In the last two decades, the world has spent more than $196 billion trying to save people from death and disease in poor countries.
But just what the world's gotten for its money isn't clear, according to two studies published Friday in the medical journal Lancet.
Millions of people are now protected against diseases like yellow fever, sleeping under anti-malaria bed nets and taking AIDS drugs. Much beyond that, it's tough to gauge the effectiveness of pricey programs led by the United Nations and its partners, and in some cases, big spending may even be counterproductive, the studies say.
Trying to show health campaigns actually saved lives is "a very difficult scientific dilemma," said Tim Evans, a senior World Health Organization official who worked on one of the papers.
In one paper, WHO researchers examined the impact of various global health initiatives during the last 20 years.
They found some benefits, like increased diagnosis of tuberculosis cases and higher vaccination rates. But they also concluded some U.N. programs hurt health care in Africa by disrupting basic services and leading some countries to slash their health spending.
In another paper, Chris Murray of the University of Washington and colleagues tracked how much has been spent in public health in the last two decades — the figure jumped from $5.6 billion in 1990 to $21.8 billion in 2007 — and where it's gone. Much of that money is from taxpayers in the West. The U.S. was the biggest donor, contributing more than $10 billion in 2007.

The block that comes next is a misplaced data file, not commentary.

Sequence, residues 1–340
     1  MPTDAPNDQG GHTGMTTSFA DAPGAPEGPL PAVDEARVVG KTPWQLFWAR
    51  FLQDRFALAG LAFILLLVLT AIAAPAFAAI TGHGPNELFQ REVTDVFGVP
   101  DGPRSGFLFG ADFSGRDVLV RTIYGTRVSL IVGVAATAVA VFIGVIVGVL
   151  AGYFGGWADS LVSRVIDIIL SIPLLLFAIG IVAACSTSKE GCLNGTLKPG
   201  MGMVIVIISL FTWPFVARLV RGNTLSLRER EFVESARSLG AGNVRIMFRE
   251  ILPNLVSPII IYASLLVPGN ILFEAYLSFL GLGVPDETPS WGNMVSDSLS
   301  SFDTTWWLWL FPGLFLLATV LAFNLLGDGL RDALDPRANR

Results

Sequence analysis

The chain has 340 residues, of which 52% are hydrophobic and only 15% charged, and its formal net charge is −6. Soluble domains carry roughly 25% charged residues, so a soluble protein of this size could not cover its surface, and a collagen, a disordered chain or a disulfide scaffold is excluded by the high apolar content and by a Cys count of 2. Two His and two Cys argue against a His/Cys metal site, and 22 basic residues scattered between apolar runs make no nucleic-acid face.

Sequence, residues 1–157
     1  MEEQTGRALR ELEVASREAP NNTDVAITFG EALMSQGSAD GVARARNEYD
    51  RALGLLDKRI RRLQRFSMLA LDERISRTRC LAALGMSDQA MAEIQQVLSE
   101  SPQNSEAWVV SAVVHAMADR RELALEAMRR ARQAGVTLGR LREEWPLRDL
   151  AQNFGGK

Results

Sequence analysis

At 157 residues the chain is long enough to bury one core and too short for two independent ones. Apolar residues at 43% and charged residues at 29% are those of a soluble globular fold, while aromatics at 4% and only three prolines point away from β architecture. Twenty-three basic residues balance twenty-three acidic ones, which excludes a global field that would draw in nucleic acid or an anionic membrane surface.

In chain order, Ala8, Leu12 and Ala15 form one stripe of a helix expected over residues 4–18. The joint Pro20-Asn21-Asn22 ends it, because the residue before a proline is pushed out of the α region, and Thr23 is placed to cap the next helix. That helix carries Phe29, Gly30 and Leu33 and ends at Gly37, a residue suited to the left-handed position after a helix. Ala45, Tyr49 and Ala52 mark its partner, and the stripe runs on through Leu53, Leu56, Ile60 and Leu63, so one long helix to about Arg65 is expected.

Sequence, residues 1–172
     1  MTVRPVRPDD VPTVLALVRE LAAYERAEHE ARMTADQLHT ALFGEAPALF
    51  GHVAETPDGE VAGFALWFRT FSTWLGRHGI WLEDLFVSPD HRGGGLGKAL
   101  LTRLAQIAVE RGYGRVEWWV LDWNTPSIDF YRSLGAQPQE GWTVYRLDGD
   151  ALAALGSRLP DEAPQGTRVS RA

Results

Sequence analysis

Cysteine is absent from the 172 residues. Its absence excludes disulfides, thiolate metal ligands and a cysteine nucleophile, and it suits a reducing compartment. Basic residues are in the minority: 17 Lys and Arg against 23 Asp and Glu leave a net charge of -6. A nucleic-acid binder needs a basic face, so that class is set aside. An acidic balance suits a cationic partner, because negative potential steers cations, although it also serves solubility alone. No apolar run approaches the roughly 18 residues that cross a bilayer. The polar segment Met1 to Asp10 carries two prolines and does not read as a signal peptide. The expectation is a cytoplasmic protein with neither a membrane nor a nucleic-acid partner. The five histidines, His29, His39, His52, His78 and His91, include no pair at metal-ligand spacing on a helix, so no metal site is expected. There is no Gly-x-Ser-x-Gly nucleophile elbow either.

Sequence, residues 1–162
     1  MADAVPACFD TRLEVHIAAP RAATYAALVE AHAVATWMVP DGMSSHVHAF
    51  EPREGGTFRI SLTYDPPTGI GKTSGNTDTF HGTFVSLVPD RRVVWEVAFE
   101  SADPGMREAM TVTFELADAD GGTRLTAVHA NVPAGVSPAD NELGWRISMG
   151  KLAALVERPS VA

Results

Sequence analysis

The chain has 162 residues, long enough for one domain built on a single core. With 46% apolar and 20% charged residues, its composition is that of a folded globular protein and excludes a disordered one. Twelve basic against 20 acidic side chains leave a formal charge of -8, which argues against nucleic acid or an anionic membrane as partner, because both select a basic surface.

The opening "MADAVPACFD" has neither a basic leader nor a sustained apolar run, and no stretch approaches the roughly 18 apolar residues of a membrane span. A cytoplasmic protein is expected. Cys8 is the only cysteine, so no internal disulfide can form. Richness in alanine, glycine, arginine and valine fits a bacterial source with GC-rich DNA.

They found some countries don't get more donations even if they're in worse shape. Ethiopia and Uganda both receive more money than Nigeria, Pakistan or Bangladesh, all of whom have bigger health crises.
Some experts were surprised how long it took simply to consider if the world's health investment paid off.
Richard Horton, the Lancet's editor, labeled it "scandalous" and "reckless" health officials haven't carefully measured how they used the world's money.
Experts said that in some cases, the U.N. was propping up dysfunctional health systems. "If you've got rotten governments, no amount of development aid is going to fix that," said Elizabeth Pisani, an AIDS expert who once worked for the U.N., citing Zimbabwe as a prime example.
Murray and colleagues also found AIDS gets at least 23 cents of every health dollar going to poor countries. Globally, AIDS causes fewer than 4 percent of deaths.
"Funds in global health tend to go to whichever lobby group shouts the loudest, with AIDS being a case in point," said Philip Stevens of International Policy Network, a London think tank.
In WHO's study, researchers admitted whether health campaigns address countries' most pressing needs "is not known."
When Cambodia asked for help from 2003-2005, it said less than 10 percent of aid was needed for AIDS. But of the donations Cambodia got, more than 40 percent went to diseases including AIDS.
WHO acknowledged change was necessary, but insisted it needed even more money, warning fewer donations would jeopardize children's' lives.
U.N. agencies, universities and others working on public health routinely take from 2 to 50 percent of a donation for "administrative purposes" before it goes to needy countries.
Others said there is little incentive for health officials to commission an independent evaluation to find out what their programs have achieved.
"The public health community has convinced the public the only way to improve poor health in developing countries is by throwing a ton of money at it," Stevens said. "It is perhaps not coincidental that thousands of highly paid jobs and careers are also dependent on it."